Why should associates care about boosting efficiency?

Sep 10, 2014

by Michael Sauber

Listen up associates. It’s incumbent upon each and every one of you to look for ways to increase your efficiency and reduce the cost of your work, in order to make you and your firm more competitive and more profitable.

In a profession where cost-plus pricing has been the norm for the past fifty years, this probably sounds counterintuitive. Why work more efficiently if it means billing fewer hours to the client? Truth is, pricing models are changing, and fixed pricing is become increasingly common, driven largely by savvy clients who no longer view litigation as a mysterious process, but rather one driven by rules and processes. It’s a shift that’s been increasingly accepted by the profession. A 2013 survey by the legal consulting firm Altman Weil found that 80 percent of law firm leaders believe non-hourly billing will be a permanent change in the legal industry.

Where to Start

Now is the time to start stripping inefficiencies out of your work practices, before your clients and competitors make it unprofitable for you to conduct “business as usual”. Could you or your assistant be performing routine and repetitive tasks any faster? For a start, consider all of the documents you and your assistant produce, from court forms to client letters. If either of you are still copying and pasting then, aside from starting the document from scratch, you are using one of the most inefficient and error-prone methods around. (For more on this topic, and alternative approaches, see Drafting Legal Documents – Why Traditional Methods Fail).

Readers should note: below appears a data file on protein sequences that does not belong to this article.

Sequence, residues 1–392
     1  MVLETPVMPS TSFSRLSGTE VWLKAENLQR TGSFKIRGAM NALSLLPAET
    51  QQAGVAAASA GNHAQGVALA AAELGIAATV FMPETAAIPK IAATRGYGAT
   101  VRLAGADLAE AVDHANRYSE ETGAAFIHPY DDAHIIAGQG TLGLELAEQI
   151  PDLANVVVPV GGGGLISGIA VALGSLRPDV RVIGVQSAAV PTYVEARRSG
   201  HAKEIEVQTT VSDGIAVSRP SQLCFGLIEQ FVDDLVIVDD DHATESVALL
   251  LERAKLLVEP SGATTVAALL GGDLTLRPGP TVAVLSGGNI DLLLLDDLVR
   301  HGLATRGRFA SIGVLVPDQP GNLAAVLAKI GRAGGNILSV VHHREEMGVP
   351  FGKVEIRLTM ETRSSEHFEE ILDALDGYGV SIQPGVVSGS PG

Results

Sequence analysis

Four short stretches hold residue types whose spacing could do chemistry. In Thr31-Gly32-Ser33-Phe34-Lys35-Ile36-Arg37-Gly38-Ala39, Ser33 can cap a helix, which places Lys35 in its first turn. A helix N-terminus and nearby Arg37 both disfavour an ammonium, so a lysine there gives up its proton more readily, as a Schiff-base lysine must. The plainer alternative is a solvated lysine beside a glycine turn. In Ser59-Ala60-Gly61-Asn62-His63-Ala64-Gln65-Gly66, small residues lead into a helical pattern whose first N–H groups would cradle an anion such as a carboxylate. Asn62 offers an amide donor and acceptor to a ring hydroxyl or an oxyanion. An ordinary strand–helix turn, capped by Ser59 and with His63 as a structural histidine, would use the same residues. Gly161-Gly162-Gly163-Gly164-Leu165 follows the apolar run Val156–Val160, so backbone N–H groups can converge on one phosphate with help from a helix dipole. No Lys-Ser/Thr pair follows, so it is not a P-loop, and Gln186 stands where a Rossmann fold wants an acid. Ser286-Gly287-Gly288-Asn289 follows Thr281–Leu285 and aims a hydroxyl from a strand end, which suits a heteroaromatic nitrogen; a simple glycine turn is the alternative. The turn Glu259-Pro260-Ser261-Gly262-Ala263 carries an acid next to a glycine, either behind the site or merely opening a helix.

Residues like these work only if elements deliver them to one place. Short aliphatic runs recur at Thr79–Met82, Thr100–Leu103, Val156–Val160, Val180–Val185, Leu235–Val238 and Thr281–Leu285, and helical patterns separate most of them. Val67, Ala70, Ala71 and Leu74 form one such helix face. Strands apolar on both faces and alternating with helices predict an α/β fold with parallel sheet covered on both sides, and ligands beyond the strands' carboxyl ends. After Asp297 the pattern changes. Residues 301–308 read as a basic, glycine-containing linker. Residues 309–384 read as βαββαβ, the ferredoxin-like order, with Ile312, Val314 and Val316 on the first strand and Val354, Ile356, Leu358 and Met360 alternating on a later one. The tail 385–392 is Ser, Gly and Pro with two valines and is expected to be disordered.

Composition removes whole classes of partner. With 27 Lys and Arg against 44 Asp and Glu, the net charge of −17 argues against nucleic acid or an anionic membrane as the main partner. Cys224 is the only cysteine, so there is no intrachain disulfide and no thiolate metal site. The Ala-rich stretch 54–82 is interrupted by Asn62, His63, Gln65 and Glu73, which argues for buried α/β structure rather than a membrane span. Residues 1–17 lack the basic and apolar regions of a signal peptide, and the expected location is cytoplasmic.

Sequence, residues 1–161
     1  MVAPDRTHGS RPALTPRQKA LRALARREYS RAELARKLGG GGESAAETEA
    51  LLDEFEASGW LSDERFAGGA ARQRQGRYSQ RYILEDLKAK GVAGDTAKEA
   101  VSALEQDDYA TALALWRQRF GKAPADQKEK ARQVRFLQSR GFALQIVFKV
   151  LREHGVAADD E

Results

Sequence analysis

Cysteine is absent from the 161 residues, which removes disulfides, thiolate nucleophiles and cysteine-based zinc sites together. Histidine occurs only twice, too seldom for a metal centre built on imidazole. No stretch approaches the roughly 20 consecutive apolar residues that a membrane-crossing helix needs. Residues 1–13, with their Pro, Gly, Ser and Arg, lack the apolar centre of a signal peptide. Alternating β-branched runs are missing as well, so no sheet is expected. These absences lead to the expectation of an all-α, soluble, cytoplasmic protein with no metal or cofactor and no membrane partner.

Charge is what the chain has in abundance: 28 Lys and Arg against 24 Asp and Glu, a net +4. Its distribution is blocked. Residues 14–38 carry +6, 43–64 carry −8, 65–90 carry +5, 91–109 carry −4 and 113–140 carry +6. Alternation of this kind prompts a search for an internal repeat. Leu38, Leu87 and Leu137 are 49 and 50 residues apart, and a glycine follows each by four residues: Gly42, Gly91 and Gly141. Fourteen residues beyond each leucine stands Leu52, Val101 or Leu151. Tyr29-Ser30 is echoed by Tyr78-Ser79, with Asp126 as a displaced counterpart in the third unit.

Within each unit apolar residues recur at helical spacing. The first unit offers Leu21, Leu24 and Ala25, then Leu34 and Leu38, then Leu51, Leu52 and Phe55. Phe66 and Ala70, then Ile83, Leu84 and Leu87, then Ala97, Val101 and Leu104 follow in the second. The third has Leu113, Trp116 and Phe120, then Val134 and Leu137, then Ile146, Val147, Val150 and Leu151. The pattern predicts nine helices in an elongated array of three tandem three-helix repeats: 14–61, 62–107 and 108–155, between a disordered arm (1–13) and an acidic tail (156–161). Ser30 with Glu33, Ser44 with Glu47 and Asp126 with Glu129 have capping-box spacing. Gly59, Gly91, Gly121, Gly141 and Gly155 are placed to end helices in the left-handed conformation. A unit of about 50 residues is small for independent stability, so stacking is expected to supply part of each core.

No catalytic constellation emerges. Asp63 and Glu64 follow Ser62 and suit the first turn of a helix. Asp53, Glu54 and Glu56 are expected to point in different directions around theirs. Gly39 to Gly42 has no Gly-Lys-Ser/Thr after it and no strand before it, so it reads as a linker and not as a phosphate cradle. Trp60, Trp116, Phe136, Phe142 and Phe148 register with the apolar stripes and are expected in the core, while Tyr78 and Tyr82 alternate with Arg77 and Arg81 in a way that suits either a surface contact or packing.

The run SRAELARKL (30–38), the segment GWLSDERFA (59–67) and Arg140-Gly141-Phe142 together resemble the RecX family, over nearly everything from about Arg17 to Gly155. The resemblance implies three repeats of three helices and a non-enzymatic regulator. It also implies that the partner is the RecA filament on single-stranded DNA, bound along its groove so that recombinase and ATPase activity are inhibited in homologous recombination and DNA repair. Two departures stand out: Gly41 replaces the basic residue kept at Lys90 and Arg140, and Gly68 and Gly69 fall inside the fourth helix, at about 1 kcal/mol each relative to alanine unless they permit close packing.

The Partner’s Role

If you find this line of reasoning sensible, you are probably thinking “this sounds great, but how do I, as an associate, drive changes in the business model without the buy-in of the firm’s partners”? The simple answer is “you don’t.” Jordan Furlong, has written an excellent article about this very topic, and suggests that the onus should be on the managing partner to insist that associates bring suggestions for increasing efficiencies to the attention of the firm. He goes on to suggest two other conditions to make it “safe” for the associate to shake up the status quo:

1. Take into account the process improvements identified by associates in assessing their productivity and contribution to the firm’s value — if these improvements reduce their billable hours and therefore their compensation, that obviously would be a perverse result.
2. Provide the associates with complete protection from any political consequences that might flow from introducing potentially disruptive changes to the firm’s workflow practices — ideally, in fact, associates should be directly rewarded for helping to bring about such enhancements.

Ready to get started?

If the partners in your firm aren’t already looking for ways to adapt to the realities of today’s market, now is the time for you to point out the opportunities and pitfalls they may be missing. In doing so, you can act as the catalyst for improvements that will help advance your career, make your firm more profitable in a competitive market, and build better relationships with your clients through more attractive and predictable pricing.
Michael Sauber Head Shot - smallAbout Michael Sauber
Michael Sauber leads the marketing program for Korbitec, producer of Automated Civil Litigation Software (ACL). He has worked with document production technologies and professional services for over 30 years and is a frequent blogger on these topics.